The market in Embu must cover a square mile. The main part is like a warehouse with open walls, packed with stalls selling fruit and vegetables. On the outskirts, part of the market is shaded by rusty corrugated iron sheeting, or plastic sheets secured over a crude frame made from branches. Traders selling the same items stick together. I walked through the fake DVD section, past the cheap rucksacks and luggage (how do you spell Vuitton?), through the cheap Chinese vests and underwear to the shoes.
I must admit, I have a hankering for the black and white jobs with white stitching and laces.
Then past the football replica shirt section, mostly second hand.
The ironmongery section caught my eye. There were “home safes”, a tin with a slot for saving coins, a mousetrap and a shiny silver iron with a wooden handle on top. I have always fancied an iron like this, heated by red-hot charcoal inside. No fancy electric cords to get tangled. No steam spray. Just naked heat.
A tall elderly gentleman was poking through the items. He greeted me formally in his best English accent. We chatted for a minute or so, him asking me questions about my business here in Embu. “What do you want to buy?” he asked. “I like the look of the iron. How much is it?” The seller was an old lady, sitting in the shade behind her wares. The gent turned to her and they spoke in the local Embu language. “It is 970 Kenyan shillings,” he declared.
Usually, prices are rounded up to the nearest hundred shillings for muzungus. Quoting 970 KSh made me think it was genuine, with no markup.
“Look at the workmanship,” the elderly man said.
“I’m not impressed,” I replied, “The screws holding the handle on are very loose.”
“Pah, that’s nothing. Get a screwdriver and you will tighten them up in no time. You can buy one here, too.”
“It is very heavy, ” I said.
“All the better to press your clothes well. Solid steel.”
I wondered how long it would take to start leaving rust streaks on my shirts.
“Your woman will appreciate it,” he said.
“I don’t have a woman here,” I replied. “What about you?”
“I am a married bachelor,” he said, and we both burst out laughing.
I moved on. The mattress on my bed is very firm. I thought of buying another one “from the back of a lorry”. Literally. Does this remind you of the Hans Christian Anderson fairy tale of the Princess and the Pea?
Deeper into the market, the stench became overwhelming. A miniature digger was scraping up all the rotting vegetable matter which had been piled beside the overflowing skip. It wasn’t obvious where it was going to be dumped, but he was creating a clear area. Rearranging the deck chairs on the Titanic, wafting noxious vapours while he did so.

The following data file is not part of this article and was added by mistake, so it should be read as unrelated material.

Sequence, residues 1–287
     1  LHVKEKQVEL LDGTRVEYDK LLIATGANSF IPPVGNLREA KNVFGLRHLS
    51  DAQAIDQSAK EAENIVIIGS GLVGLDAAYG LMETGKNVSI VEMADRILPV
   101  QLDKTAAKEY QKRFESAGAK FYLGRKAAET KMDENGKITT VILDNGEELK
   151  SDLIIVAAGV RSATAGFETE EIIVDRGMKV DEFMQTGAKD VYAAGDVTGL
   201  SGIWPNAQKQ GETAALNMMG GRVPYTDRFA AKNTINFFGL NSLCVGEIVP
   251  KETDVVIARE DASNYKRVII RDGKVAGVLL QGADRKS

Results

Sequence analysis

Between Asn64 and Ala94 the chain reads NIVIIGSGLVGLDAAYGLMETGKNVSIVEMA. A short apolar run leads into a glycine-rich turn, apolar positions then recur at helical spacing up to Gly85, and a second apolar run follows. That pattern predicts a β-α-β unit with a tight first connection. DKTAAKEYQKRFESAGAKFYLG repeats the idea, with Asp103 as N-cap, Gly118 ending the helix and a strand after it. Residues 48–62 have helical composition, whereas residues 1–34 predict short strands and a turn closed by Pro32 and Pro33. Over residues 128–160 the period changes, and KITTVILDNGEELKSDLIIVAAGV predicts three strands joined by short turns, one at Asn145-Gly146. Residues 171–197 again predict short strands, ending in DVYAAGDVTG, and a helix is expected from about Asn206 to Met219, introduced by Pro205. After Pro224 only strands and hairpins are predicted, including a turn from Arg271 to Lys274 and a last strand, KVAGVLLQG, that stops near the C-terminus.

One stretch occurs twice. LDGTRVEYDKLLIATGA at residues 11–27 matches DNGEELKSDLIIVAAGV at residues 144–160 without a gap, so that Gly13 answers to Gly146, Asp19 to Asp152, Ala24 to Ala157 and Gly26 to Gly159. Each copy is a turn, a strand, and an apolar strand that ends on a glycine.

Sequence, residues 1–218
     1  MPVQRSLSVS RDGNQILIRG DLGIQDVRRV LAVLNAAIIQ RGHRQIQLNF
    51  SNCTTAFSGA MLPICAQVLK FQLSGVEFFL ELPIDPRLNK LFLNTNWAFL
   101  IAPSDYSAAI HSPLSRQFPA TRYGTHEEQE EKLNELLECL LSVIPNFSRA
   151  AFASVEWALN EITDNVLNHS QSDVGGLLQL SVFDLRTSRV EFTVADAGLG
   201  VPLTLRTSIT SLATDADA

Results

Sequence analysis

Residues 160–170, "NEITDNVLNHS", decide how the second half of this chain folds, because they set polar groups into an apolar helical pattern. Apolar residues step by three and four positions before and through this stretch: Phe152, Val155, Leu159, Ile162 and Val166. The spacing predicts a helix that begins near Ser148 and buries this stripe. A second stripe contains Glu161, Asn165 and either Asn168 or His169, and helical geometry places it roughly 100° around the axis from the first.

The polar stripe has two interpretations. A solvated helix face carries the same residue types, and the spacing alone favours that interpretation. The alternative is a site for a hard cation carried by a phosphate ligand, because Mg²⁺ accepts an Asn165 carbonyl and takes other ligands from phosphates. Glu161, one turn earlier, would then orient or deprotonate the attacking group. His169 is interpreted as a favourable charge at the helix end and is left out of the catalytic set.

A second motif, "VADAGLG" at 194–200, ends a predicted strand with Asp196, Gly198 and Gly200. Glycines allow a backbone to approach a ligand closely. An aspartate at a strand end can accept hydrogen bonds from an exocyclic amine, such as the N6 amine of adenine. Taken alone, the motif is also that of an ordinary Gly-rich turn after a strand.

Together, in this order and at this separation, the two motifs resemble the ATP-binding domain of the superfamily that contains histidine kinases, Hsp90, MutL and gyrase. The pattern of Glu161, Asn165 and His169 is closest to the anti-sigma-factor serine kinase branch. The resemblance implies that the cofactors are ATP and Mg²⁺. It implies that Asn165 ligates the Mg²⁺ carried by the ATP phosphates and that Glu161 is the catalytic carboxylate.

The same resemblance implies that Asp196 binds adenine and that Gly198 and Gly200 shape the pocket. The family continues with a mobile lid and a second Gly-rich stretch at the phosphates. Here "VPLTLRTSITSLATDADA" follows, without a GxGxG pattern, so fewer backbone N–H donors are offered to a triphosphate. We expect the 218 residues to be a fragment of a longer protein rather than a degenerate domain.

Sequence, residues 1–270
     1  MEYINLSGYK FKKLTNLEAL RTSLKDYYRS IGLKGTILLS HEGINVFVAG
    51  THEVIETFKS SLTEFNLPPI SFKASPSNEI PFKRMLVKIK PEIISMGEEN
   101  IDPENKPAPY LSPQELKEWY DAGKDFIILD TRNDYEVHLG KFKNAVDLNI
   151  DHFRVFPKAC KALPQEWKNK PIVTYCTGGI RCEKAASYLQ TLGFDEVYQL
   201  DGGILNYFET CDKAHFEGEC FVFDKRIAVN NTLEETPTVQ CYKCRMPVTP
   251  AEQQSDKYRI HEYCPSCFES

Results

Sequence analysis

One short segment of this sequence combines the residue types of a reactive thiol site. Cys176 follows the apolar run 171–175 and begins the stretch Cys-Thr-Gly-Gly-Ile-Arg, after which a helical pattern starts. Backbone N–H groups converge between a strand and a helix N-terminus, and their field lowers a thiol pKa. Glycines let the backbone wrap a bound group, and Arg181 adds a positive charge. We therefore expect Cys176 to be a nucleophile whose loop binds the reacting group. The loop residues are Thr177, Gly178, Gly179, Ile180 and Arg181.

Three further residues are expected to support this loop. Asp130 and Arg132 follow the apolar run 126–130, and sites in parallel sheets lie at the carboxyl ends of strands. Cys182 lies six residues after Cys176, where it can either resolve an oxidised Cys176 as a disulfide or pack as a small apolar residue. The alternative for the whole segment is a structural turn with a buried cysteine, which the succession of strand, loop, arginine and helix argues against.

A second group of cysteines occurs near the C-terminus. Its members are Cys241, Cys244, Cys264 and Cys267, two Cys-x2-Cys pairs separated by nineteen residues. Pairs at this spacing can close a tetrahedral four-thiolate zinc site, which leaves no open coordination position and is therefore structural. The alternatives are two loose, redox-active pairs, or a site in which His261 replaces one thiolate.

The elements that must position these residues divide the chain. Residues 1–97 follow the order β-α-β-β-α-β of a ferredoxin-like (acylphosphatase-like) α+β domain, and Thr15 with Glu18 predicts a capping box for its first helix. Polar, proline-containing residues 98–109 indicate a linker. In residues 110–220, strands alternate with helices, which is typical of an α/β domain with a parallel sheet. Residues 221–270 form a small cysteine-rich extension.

I moved on to the fruit. Two women were selling some brown, pear-shaped, hard fruit in a basket. “What is this fruit?” I asked. She looked blank, having no idea what I’d said. A well-dressed lady behind her said, “We call this one ‘pear’. Buy one for 20 bob.”
I said that the pears in my country are softer than this when they are sold. “Peel off the hard skin,” suggested the lady. “But it will still be very hard, impossible to eat,” I replied. “Then buy it for me and I will show you how to eat it,” she said.
“If I buy for 20 shillings, you will share the pear with me. And then you share my 20/- with her? Commission?”
“Ha! White man, we are not like this at all, just buy,” she said, guffawing with laughter.
I told her I wanted some ripe guavas and sweet oranges, and she pointed me in the right direction.
I must be getting Africanised again. I bargain for everything. I buy strange legumes like cowpeas, sugar beans and raw peanuts to roast in the oven. I am even beginning to know the difference between different types of local rice. I asked for the best quality and was shown some fragrant, fine-grained rice, reminiscent of Basmati. “How much is this?” I asked, holding up a handful. “It’s Pishori rice, 160 KSh a kilo,” the stallholder replied. “That’s too much,” I said. “Then buy the biryani rice, it’s just 120 KSh a kilo.” “But look at all the broken grains,” I protested. “It will cook better like this,” she replied. Codswallop.
We haggled a bit more and I agreed to buy a kilo. She scooped up two tinfuls of rice into my cotton bag and added another couple of handfuls. “Discount,” she said. “Can you weigh it for me, please?” She didn’t have her own scales, so she turned around and used her neighbour’s scales. As if to teach me a lesson, she then removed a handful of rice and handed me back the bag. I deserved that for doubting her touch.
She also had some fresh green French beans for sale, so I bought half a kilo, and she added another handful, to make me feel happier. Compounding my foolishness, I asked her neighbour how she knew the weight of the produce so accurately. “She’s been selling it for twenty years,” she said.
I waded through a swamp of cabbage leaves to the corner cafe for a cup of tea. I misread the sign – it wasn’t “Bates Motel”, but “Cates Hotel”. Psycho on my mind, I guess.